There has always been debate within the Islamic movement about the propriety and importance of engaging the West or subsystems of it (such as Christian churches) in discussion about issues that divide Muslims from Jews and Christians. Such low-decibel but high-profile discussion has produced numerous platforms for “inter-faith” dialogue or trialogue, countless ecumenical meetings, and now a proverbial “dialogue of civilizations”, conducted on the part of the Muslims by a bewildering range of official and non-officials institutions and “leaders”.
Barack Obama, Democratic party presidential nominee, calls it the “good war”; his Republican rival, John McCain, insists that he will “chase Osama to the gates of hell.” Americans are being told that Afghanistan is the “right war” and that it is “winnable”, in contrast to Iraq.
Unable to contain (much less defeat) the resistance that has spread to most parts of Afghanistan in the last two years, the US has decided to bomb its way to “victory” by attacking Pakistan on the spurious pretext that it is going after insurgent sanctuaries across the border.
The recent history of Pakistan seems to be one of crisis after crisis, punctuated only by periods of waiting to see what the next crisis will be. Developments in the last month, however, have been ominous and dangerous even by Pakistani standards, raising genuine fears that the crisis now developing may reduce the country to levels of disorder and chaos unprecedented even in Pakistan’s turbulent history.
Within a period of less than 30 years, Muslims have consigned one superpower—the Soviet Union—to the dustbin of history and are about to deliver the other—the US—to the same fate, together with its regional surrogate, Israel. The achievements against the US are particularly remarkable because the mujahideen have had little or no external help.
In a few months’ time, Crescent International will insha’Allah complete 37 years of publication. During that time, it has inevitably seen many changes. It began as a local community paper in Toronto in the 1970s, before being transformed into a newsmagazine of the global Islamic movement after the Islamic Revolution in Iran, under the influence of Dr Kalim Siddiqui.1
If anyone hoped that the security pact being negotiated between the US and Iraq was rising above the cycle of frustrations and false starts, then such fanciful thoughts can now be dismissed. On September 17 Iraqi prime minister Nuri al-Maliki told a group of Iraqi journalists that “there are very serious and dangerous obstacles facing the deal.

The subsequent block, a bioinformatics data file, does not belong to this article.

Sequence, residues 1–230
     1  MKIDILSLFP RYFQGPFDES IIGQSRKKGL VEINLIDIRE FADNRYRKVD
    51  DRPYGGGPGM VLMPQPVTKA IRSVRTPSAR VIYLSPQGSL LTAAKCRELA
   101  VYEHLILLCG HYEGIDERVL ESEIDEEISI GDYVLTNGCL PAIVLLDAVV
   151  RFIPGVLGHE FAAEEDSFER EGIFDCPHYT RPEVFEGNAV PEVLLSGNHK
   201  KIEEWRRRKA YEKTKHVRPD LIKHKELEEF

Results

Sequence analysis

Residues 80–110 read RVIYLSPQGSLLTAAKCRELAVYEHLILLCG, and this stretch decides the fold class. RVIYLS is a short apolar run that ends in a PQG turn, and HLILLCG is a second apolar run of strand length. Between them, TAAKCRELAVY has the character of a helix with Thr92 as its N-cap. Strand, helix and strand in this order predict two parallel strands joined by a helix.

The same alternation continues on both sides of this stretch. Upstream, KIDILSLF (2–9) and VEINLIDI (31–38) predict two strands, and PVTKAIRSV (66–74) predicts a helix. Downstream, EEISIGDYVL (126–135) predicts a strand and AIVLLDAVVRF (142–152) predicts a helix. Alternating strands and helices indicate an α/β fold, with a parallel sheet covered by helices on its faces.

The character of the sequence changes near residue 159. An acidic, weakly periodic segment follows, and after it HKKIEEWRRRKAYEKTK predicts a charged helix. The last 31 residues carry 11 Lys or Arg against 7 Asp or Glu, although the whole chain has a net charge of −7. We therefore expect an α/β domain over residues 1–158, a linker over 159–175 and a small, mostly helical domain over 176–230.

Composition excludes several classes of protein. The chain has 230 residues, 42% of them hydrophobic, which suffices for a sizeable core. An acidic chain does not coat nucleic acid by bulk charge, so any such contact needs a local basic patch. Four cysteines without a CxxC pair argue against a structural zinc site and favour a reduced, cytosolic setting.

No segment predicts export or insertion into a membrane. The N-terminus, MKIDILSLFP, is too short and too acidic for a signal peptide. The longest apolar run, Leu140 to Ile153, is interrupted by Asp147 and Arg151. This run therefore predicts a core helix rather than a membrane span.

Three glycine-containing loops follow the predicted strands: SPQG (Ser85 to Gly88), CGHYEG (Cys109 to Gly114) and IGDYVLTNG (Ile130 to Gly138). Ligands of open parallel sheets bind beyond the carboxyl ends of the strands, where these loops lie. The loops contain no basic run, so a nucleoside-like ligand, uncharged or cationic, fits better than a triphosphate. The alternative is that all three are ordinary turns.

A powerful truck bomb tore through the Marriott Hotel in Islamabad a few hours after Asif Ali Zardari, Pakistan’s newly-elected President, addressed a joint session of Parliament on September 20. According to police sources, 53 persons were killed and more than 250 injured.
On September 8, a jury at Woolwich Crown Court found three Muslim men, Abdulla Ahmed Ali, Assad Sarwar and Tanvir Hussain, guilty of conspiracy to murder using home-made bombs. Four of their co-defendants, Arafat Khan, Waheed Zaman, Ibrahim Savant and Umar Islam, had earlier pleaded guilty to charges of conspiracy to commit a public nuisance.
There are many unknown victims of the US’s global war on Islamic dissidence. The plight of one of them hit the headlines earlier this summer, after years in which nothing was known of her. FAHAD ANSARI reports on the case of Dr. Aafia Siddiqui, a Muslimah now in US custody after disappearing in Pakistan in 2003.
To mark the cccasion of Yaum al-Quds this year, Crescent International in South Africa published a booklet analysing the rise of Hamas and the current state of the Palestinian struggle. Here we publish an abridged version of this booklet. The full version is available on the website of the Institute of Contemporary Islamic Thought.